Larry Kelley ’36, one of John Carroll’s oldest, most loyal alumni, shares some of his life experiences, beginning with his college days. Many readers have come to know Kelley during the 30 years he has served as class columnist for graduates from the 1930s. The jovial Irishman, 95, fondly recalls his younger days.
I wanted to go to East Tech because I wanted to fly airplanes, but my family decided I should follow my brother, Norman ’32, and go to St. Ignatius. As a freshman in high school, I already knew kids from Carroll because we were all together at the other campus at W. 30th and Lorain in Cleveland. We didn’t arrive at the new campus in University Heights until Oct. 5, 1935. We got a late start that year because the buildings were still being built.
I parked on the drive in front of the Administration Building. All five of us – Don Birmingham ’36, Jack Lavelle ’38, Albert Weiler ’38, Rocco Marotta ’36, and me – would ride together in my Ford convertible. Whoever got there first sat in the front; the last two sat in the rumble seat.
I never drank, so I was the designated driver before it had a name. When I grew up, we had home-brew at our house. My father said, “I’m not saying you can’t drink, but nobody who drinks drives my car.” Well, driving was more important to me.
Back in those days, there was college night at the Bamboo Gardens at Euclid Ave. at 100th St., where Kay Kyser and his band got their start. And we went to the Lotus Gardens on Fridays where you could buy a chicken sandwich for 50 cents. That was when a buck used to buy what you wanted.
When I started at Carroll in ’32, there were 125 freshmen. Only about 70 graduated because so many had to drop out because of the depression. I majored in history because I liked it. All the seniors were required to take ethics from Fr. Leonard Otting, who was an excellent teacher. As a side note, Youngstown State University was having trouble accrediting its philosophy class, so they asked Fr. Otting to come down and teach it. He was just as strict there as he was with us. If you weren’t at class on time, he marked you absent.
After graduation and before the war, I worked in quality control for 3M in Copley, Ohio, because my friend Sam Bauman ’35 suggested I join him. When I applied, they asked me if I could use a slide rule. I said, ‘Well, yes,’ even though I had never had a slide rule in my hands. So I quickly learned how to use it that night from Sam.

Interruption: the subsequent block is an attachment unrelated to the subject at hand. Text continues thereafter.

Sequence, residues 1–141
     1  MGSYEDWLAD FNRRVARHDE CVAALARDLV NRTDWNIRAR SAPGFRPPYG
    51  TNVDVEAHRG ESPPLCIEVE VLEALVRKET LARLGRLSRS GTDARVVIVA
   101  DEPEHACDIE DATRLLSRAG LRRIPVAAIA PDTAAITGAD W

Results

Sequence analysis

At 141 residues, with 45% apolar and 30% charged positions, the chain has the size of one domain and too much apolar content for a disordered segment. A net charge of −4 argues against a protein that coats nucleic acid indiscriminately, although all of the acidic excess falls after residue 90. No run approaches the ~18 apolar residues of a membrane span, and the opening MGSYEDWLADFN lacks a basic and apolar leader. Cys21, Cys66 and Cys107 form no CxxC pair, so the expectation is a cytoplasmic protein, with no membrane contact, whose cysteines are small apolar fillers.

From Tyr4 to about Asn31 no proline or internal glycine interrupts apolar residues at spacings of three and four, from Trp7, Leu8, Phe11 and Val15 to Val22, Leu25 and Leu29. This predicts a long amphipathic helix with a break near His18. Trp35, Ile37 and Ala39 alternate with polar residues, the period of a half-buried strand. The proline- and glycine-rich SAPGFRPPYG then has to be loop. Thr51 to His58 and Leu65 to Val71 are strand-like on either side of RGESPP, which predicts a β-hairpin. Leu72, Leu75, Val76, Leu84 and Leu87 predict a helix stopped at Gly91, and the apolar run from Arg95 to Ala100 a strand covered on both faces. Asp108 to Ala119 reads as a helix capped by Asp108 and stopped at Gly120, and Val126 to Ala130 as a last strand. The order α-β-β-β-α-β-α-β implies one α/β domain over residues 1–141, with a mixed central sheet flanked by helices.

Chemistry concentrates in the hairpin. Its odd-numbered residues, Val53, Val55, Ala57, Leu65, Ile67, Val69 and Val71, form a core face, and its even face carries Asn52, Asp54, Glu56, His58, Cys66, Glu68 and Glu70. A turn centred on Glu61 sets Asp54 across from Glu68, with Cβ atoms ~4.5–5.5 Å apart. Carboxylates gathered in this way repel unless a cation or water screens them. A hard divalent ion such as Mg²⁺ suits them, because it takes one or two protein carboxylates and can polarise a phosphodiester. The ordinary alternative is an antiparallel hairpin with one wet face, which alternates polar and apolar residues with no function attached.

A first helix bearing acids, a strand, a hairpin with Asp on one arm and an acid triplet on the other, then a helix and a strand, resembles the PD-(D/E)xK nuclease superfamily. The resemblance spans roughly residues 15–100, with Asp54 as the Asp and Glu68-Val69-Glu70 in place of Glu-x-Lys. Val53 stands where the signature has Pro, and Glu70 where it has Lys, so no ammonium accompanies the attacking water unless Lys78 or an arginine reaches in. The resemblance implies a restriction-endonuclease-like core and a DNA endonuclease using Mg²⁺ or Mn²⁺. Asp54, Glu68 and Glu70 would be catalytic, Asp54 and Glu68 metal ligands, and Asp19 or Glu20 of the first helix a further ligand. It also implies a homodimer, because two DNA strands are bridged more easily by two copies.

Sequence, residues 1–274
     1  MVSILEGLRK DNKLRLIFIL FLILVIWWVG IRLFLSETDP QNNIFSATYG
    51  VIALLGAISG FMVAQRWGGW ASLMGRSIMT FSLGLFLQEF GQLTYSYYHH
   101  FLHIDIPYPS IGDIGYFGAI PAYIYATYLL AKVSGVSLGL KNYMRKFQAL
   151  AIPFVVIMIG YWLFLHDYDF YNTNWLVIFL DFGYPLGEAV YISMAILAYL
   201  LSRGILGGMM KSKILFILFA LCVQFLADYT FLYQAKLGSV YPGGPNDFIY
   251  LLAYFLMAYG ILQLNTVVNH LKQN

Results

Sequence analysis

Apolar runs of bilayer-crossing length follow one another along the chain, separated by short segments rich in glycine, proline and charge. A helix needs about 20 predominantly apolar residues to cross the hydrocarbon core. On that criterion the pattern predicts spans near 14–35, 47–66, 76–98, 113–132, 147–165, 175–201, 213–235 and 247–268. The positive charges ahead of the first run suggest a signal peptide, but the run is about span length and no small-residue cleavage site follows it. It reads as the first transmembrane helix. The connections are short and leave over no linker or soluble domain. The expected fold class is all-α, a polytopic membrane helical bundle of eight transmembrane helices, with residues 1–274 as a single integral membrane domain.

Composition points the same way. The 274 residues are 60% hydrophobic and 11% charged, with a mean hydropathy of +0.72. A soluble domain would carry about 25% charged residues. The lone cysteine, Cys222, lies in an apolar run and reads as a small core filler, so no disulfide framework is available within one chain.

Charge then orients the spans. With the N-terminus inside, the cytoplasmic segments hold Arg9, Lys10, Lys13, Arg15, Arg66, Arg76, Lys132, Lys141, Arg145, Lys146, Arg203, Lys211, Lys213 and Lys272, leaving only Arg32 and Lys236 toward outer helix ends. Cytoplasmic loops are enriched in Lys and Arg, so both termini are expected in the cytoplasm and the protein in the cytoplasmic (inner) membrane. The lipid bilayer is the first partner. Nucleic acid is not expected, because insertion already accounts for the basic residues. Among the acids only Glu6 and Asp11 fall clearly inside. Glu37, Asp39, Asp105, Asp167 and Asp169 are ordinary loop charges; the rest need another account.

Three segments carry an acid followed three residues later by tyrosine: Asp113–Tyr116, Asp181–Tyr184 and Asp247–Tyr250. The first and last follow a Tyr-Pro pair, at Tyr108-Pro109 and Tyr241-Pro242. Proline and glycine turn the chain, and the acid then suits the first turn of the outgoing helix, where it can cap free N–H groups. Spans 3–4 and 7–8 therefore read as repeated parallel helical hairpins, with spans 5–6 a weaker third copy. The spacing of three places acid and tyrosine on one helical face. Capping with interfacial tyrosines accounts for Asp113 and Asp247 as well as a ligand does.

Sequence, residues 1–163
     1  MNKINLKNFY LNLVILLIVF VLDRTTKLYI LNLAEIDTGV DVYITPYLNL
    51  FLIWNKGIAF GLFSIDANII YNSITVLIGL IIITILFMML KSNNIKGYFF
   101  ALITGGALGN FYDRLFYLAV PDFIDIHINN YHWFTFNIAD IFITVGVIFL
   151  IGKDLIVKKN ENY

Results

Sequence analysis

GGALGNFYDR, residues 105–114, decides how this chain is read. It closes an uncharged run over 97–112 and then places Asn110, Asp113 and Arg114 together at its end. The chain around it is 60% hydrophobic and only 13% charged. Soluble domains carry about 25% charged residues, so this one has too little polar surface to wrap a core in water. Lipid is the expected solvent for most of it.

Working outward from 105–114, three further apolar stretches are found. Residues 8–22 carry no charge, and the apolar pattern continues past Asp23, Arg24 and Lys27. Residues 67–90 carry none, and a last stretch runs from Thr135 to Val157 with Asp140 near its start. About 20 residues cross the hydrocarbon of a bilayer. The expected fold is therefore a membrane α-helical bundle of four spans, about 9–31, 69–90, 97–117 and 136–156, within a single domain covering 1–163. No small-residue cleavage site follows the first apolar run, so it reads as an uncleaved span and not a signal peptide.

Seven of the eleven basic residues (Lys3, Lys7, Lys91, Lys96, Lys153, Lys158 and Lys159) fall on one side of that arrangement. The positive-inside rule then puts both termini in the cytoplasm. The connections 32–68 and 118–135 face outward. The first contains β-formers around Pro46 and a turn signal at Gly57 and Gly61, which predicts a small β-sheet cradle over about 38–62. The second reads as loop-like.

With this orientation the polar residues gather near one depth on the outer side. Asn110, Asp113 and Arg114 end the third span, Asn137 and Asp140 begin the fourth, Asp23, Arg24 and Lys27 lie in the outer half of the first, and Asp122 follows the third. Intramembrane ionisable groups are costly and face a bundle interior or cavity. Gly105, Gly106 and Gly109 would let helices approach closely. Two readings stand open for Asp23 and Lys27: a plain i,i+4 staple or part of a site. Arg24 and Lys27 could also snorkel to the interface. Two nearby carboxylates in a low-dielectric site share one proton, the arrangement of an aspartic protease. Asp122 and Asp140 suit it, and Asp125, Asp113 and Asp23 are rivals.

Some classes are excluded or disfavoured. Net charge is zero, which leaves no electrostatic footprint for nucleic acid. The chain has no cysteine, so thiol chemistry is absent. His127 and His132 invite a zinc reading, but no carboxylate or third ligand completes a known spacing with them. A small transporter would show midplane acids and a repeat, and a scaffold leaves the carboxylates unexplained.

In ’40, I applied to the Army Air Corps Flying Cadets but was denied because I was too short. So I went to the YMCA and did
all kinds of stretching exercises. Don’t tell me you can’t get taller because I did. I almost hit the two inches I needed, but I still measured a quarter of an inch shy of 5 foot 4 inches. The Army Cadet Board was meeting in Cleveland, so I spoke to the sergeant. He called for the captain, who came out to see me. Ha! He was a little short guy – not much taller than me. He saw my sad story, took me over to the scale, measured me, and hollered, “He’s 5 foot 4!”
I was the armament man for the 60th Interceptor Squadron at Bolling Field in Washington, D.C. We were on interceptor patrol to protect the D.C. area. We could get four pilots in four planes and armed and up in formation in 15 minutes from the time we received the alert. On 9/11, it took more than 60 minutes before the first guy got off the airstrip.
I was stationed at Cluntoe Airfield in Ireland when I met Frances. A few buddies and I were going to Belfast – that was the only place to go, besides church. I didn’t know her, but Frances was director of the American Red Cross Club for the enlisted men. She came up to me and asked, “Is this the bus going to Belfast?” So I always say I picked her up at a bus stop.
She was transferred to England, and I stayed to close the base at Cluntoe. It took me five weeks of travel to finally get to England because of grounded aircraft. I arrived May 7. We married on V-Day, May 8, 1945, at St. Mary’s By the Sea in Southport, near Liverpool. We met in Ireland, married in England, and honeymooned in Scotland.
Frances died June 5, 2010. We were married for 65 years, 28 days, and one hour. I sure loved her. JCU
After the war, Kelley received his law degree from Cleveland-Marshall College of Law. He worked for NASA Lewis Research Center for 33 years as a lawyer and contract negotiator, eventually serving as assistant deputy of procurement. In 1994, he was awarded the John Carroll Alumni Medal, the highest honor given to alumni for his service to the University. Kelley lives in the same house on the West Side of Cleveland where he and Frances raised their seven children.
– Susan Curphey
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